Learning Objectives

  1. Be able to use the 6 main dplyr one-table verbs:
    • select()
    • filter()
    • arrange()
    • mutate()
    • summarise()
    • group_by()
  2. Also know these additional one-table verbs:
    • rename()
    • distinct()
    • count()
    • slice()
    • pull()

Prep

Setup

You’ll need the following two packages. Might as well convert to a tibble to make printing prettier.

  library("tidyverse")
  library("ukbabynames")

  ## convert to a tibble
  ukb <- as_tibble(ukbabynames)

In-class tasks

Easy

  1. How many records are in the dataset?

      count(ukb) ## or: nrow(ukb)
  2. Remove the column rank from the dataset.

      ukb %>%
        select(-rank)
  3. What is the range of birth years contained in the dataset?

      ukb %>%
        summarise(minyear = min(year),
                  maxyear = max(year))
  4. Pull out the babies named Hermione.

    ukb %>%
      filter(name == "Hermione")
  5. Sort the dataset by sex and then by year (descending) and then by rank (descending).

    ukb %>%
      arrange(sex, desc(year), desc(rank))
  6. Create a new column, decade, that contains the decade of birth (1990, 2000, 2010). Hint: see ?floor

      ukb %>%
        mutate(decade = floor(year / 10) * 10)
  7. Pull out the male babies named Courtney that were born between 1998 and 2001 (inclusive).

        ukb %>%
          filter(name == "Courtney", sex == "M",
                 year >= 1998, year <= 2001)
  8. How many distinct names are represented in the dataset?

    ## how many distinct names are represented in the dataset?
    ukb %>%
      distinct(name) %>%
      count()

Intermediate

  1. Pull out all the female babies named Frankie that were born before 1999 or after 2010

      ukb %>%
        filter(name == "Frankie", sex == "F",
              (year < 1999) | (year > 2010))
  2. How many total babies in the dataset were named ‘Emily’?

      ## 
      ukb %>%
        filter(name == "Emily") %>%
        summarise(tot = sum(n)) %>%
        pull(tot)
    ## [1] 102250
  3. How many distinct names are there for each sex?

      ukb %>% 
        group_by(sex) %>%
        distinct(name) %>%
        count()
  4. What is the most popular name in the dataset?

      ukb %>%
        group_by(name) %>%
        summarise(tot = sum(n)) %>%
        arrange(desc(tot)) %>%
        slice(1) %>%
        pull(name)
    ## [1] "Jack"
  5. How many babies were born each year for each sex? Make a plot.

      babes_per_year <- ukb %>%
        group_by(year, sex) %>%
        summarise(tot = sum(n))
    
      ggplot(babes_per_year, aes(year, tot, color = sex)) +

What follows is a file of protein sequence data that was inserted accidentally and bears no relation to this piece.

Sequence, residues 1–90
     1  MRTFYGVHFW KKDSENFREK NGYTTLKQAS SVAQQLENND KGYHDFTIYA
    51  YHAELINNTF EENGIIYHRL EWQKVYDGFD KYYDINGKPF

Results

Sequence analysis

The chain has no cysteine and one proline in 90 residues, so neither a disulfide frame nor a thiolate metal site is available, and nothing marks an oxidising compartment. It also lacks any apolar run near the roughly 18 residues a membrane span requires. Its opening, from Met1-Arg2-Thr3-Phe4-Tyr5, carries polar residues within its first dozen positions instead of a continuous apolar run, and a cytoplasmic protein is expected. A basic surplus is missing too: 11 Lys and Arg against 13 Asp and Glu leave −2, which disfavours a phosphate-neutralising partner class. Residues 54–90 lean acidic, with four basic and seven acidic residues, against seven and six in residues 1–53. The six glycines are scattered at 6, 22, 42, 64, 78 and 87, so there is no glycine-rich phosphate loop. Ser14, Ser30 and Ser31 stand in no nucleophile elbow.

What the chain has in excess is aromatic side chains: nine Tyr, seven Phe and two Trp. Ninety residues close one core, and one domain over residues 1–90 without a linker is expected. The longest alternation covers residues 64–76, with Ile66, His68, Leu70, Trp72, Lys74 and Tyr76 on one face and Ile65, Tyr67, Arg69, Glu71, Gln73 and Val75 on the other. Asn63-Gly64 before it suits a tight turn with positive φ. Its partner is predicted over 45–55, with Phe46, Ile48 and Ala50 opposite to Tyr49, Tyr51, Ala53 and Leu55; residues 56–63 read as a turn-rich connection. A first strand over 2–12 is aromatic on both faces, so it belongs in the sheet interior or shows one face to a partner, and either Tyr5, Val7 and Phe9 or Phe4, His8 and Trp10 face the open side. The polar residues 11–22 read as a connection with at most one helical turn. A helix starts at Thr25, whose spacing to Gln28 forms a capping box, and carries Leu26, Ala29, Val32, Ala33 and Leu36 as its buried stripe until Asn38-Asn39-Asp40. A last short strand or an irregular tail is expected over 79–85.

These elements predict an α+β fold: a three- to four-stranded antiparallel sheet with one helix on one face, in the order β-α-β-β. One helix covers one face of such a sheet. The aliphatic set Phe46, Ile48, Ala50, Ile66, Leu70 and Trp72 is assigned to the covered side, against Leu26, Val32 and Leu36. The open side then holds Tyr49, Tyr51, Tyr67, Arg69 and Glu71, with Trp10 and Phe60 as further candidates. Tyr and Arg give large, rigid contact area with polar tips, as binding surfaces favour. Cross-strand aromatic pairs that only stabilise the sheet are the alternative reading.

geom_line()

  6. Create a column prop that contains the proportion of babies that were given a particular name for a given sex in a given year, then ungroup() the resulting table.

      ukb_prop <- ukb %>%
        group_by(year, sex) %>%
        mutate(p = n / sum(n)) %>%
        ungroup()
    
      ## TODO double check that you did it right by making sure the props 
      ## for each year/sex combo sum to 1

Advanced

  1. Make a frequency histogram for the final letter of each name, broken down by sex. Are certain final letters more “gendered” than others?

      last_letter <- ukb %>%
        mutate(lastchar = substr(name, nchar(name), nchar(name))) %>%
        filter(lastchar %in% letters) %>%
        count(sex, lastchar) %>%
        arrange(lastchar)
    
      ggplot(last_letter, aes(lastchar, nn, fill = sex)) +
        geom_bar(stat = "identity")

  2. Calculate the top 5 boys and girls names for each decade and print out the whole table.

      ukb %>%
        mutate(decade = floor(year / 10) * 10) %>%
        group_by(decade, sex, name) %>%
        summarise(tot_n = sum(n)) %>%
        arrange(desc(tot_n)) %>%
        slice(1:5) %>%
        ungroup() %>%
        print(n = +Inf)
    ## # A tibble: 30 x 4
    ##    decade   sex    name tot_n
    ##     <dbl> <chr>   <chr> <dbl>
    ##  1   1990     F   Chloe 33235
    ##  2   1990     F   Emily 26341
    ##  3   1990     F  Sophie 24111
    ##  4   1990     F   Megan 23363
    ##  5   1990     F Jessica 23319
    ##  6   1990     M    Jack 40554
    ##  7   1990     M  Thomas 38004
    ##  8   1990     M   James 37183
    ##  9   1990     M  Daniel 34052
    ## 10   1990     M  Joshua 30532
    ## 11   2000     F   Emily 51663
    ## 12   2000     F   Chloe 50965
    ## 13   2000     F Jessica 48023
    ## 14   2000     F  Olivia 44937
    ## 15   2000     F  Sophie 44885
    ## 16   2000     M    Jack 82540
    ## 17   2000     M  Thomas 70475
    ## 18   2000     M  Joshua 69428
    ## 19   2000     M   James 59247
    ## 20   2000     M  Oliver 56990
    ## 21   2010     F  Amelia 32397
    ## 22   2010     F  Olivia 28977
    ## 23   2010     F   Emily 24246
    ## 24   2010     F Jessica 21690
    ## 25   2010     F    Lily 21379
    ## 26   2010     M  Oliver 42642
    ## 27   2010     M   Harry 38128
    ## 28   2010     M    Jack 37492
    ## 29   2010     M Charlie 31009
    ## 30   2010     M   Jacob 29667